The Pub and hospitality sector has cautiously welcomed the indoor reopening of UK businesses but warned that outlets will continue to lose money until restrictions are completely eased.

It came after Prime Minister Boris Johnson confirmed that pubs, bars, restaurants and other hospitality businesses will be able to open indoor areas from Monday May 17.

The Prime Minister said hospitality outlets will be able to reopen these areas in line with the original road map out of lockdown after case numbers continued to decrease in recent weeks.

The four tests of lockdown easing had been met the PM added and thanked “pubs and restaurants who have been waiting to welcome customers back through their doors”.

The announcement means the hospitality industry will be able to serve customers inside no  although they will however, be limited to table service and social distancing rules will apply.

All hotels, hostels and B&Bs will also be able to open,  as opposed to those only those offering self-contained accommodation, as well as conference centres.

People can meet inside in a group of six or maximum of two households, while groups of up to 30 can meet outdoors or attend weddings and receptions.

“This unlocking amounts to a very considerable step on the road back to normality and I am confident that we will be able to go further,” said PM.

He added that England remains “on track” for a further lifting of restrictions on 21 June, and will reveal later this month what the role could be for ‘vaccine passports’ to help with unlocking.

UKHospitality chief executive Kate Nicholls said the announcement was a “much welcome” next step but warned hospitality was facing its 14th month of disrupted trading.

“There is a huge sense of relief within the sector, in particular for the six in 10 venues that were not able to reopen over recent weeks due to a lack of outdoor space,” said Nicholls.

“However, with significant restrictions still in place, this is a psychological opening rather than an economic one, with the profitability of the sector still a huge issue. This is why sticking to the roadmap and the removal of all restrictions by 21 June is absolutely crucial.

“Hospitality, as it emerges from restrictions, is still in a fragile state and continued government support will be critical to ensuring the sector is rejuvenated and plays a full role in the wider economic recovery.”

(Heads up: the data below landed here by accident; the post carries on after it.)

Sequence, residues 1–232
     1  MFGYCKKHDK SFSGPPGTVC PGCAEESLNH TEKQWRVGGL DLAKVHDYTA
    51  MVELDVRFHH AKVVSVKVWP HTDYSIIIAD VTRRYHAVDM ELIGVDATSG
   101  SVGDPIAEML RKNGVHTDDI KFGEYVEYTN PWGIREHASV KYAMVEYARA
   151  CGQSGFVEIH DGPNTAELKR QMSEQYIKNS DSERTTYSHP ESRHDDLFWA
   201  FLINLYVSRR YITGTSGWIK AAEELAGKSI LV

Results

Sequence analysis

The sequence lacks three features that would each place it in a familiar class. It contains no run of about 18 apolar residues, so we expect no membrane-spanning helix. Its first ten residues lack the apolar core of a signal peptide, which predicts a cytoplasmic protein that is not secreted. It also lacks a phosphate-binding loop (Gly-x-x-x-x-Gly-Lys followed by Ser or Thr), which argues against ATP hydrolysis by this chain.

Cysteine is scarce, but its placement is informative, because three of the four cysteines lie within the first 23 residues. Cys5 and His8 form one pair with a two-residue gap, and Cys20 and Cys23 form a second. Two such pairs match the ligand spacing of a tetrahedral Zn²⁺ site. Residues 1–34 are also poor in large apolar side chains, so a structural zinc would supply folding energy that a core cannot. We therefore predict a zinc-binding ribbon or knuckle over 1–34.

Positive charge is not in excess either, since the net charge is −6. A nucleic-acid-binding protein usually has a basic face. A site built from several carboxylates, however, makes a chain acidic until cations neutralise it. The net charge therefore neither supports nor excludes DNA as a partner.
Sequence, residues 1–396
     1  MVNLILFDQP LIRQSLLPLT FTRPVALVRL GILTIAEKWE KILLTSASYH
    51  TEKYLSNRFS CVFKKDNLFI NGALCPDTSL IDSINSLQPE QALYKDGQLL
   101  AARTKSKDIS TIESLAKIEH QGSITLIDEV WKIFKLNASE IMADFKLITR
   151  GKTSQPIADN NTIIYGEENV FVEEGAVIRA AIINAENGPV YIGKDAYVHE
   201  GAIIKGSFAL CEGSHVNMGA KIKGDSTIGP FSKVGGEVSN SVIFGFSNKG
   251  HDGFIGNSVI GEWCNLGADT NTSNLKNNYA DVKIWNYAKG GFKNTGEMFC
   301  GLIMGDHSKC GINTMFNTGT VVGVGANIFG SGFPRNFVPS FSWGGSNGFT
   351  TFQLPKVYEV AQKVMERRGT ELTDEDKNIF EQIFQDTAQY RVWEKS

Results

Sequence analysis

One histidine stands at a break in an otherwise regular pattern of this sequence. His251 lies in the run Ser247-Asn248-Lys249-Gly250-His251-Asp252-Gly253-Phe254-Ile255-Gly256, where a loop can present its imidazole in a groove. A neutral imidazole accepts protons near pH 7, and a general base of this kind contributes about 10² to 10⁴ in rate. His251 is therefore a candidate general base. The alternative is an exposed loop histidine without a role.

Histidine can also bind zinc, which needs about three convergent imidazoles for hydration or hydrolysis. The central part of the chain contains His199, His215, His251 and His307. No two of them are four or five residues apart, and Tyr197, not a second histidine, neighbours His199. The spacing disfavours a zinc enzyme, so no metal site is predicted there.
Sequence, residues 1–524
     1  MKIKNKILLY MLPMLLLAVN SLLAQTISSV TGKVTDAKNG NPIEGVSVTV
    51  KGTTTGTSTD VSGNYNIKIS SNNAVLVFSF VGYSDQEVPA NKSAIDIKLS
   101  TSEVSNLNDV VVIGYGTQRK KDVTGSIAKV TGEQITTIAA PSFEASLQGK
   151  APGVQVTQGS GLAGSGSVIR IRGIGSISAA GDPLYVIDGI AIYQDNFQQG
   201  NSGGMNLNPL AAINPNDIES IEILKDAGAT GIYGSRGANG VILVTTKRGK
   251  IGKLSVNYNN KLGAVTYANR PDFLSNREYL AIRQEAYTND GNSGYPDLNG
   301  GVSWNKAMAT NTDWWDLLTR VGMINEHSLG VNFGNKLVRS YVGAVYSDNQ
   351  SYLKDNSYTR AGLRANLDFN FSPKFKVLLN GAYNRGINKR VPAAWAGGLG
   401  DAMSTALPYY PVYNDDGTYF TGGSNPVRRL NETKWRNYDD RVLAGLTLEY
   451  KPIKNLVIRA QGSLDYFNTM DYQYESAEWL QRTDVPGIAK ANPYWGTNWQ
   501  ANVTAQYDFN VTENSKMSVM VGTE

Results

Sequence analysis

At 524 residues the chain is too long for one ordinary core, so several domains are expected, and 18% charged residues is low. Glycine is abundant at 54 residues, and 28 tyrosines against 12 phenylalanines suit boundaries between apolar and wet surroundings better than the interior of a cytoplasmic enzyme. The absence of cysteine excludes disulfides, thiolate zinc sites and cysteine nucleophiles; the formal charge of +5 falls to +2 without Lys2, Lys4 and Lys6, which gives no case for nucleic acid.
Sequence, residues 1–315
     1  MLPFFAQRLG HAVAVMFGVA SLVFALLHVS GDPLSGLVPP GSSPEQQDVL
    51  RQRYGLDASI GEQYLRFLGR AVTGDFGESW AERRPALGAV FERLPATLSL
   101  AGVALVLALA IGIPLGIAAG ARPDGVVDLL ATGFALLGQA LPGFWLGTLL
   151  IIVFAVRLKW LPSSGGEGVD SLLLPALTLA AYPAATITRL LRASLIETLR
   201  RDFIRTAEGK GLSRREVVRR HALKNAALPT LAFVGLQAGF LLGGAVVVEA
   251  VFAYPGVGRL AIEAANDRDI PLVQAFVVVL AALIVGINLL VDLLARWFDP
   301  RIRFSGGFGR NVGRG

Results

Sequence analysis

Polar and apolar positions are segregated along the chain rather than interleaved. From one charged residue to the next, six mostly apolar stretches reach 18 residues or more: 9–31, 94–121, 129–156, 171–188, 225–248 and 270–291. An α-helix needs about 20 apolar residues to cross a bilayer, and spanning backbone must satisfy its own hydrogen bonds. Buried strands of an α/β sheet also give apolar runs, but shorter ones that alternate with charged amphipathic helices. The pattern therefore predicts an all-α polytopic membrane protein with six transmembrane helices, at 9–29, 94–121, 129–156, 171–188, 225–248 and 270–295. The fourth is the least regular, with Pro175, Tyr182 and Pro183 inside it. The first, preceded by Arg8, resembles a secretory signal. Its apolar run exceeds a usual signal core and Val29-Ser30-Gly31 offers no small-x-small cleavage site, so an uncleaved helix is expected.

Steven Alton, BII CEO commented: “Whilst we welcome this next stage for many of our members, we fully recognize that the remaining restrictions that limit capacity in venues, will severely impact on profitable trading.Our members’ pubs will not start their recovery until all restrictions are removed, no later than 21st June 2021. It is critical that Government confirms this at the earliest opportunity, to allow our members time to plan for a full reopening, financially and operationally.

Nick Antona, national chairman of the Campaign for Real Ale (Camra), said pubs “aren’t out of the woods yet”.”Distancing and table service-only restrictions will still mean many pubs can’t operate at full capacity with many continuing to struggle to make ends meet as a result,” he said.

Emma McClarkin, chief executive of the British Beer and Pub Association (BBPA), added: “This is another important step on the road to freedom and the recovery of our sector. We know Brits cannot wait to get back inside a warm pub.

“However, inside opening with restrictions is still not enough to secure the survival of pubs. We need them to be fully reopened without any restrictions at all from 21 June to survive and trade viably.”

Nick Mackenzie, chief executive of Greene King, said: “It’s great that from next Monday we’ll be able to welcome our customers back inside our pubs and get more of our team members back to work. Since we reopened outdoors in some of our pubs in April, frequent spells of cold and wet weather have made it particularly trying for our teams who are serving our customers outside. Even though the vast majority of our of our pubs will be open next week, we’ll still be operating at significantly reduced capacity, so it’s essential all restrictions disappear as promised on 21 June so we can return to the full pub experience that people have missed so much.”

“We would urge the devolved nations to urgently confirm the conditions for full reopening of our members’ pubs across the UK.”

Indoor entertainment venues will also be able to reopen from 17 May and some larger theatre, music and sporting events will be able to return inside with a capacity of 1,000 people or while half-full.

Outdoor sites can welcome up to 4,000 people or up to half of their capacity, if it is the lower number.

The final stage for lockdown restriction lifting is 21 June, after which the government hopes to remove all legal limits on social contact, which, if permitted, will see venues such as nightclubs able to reopen for the first time in over a year and restrictions on large events will ease.

 

 

 

 

 

 

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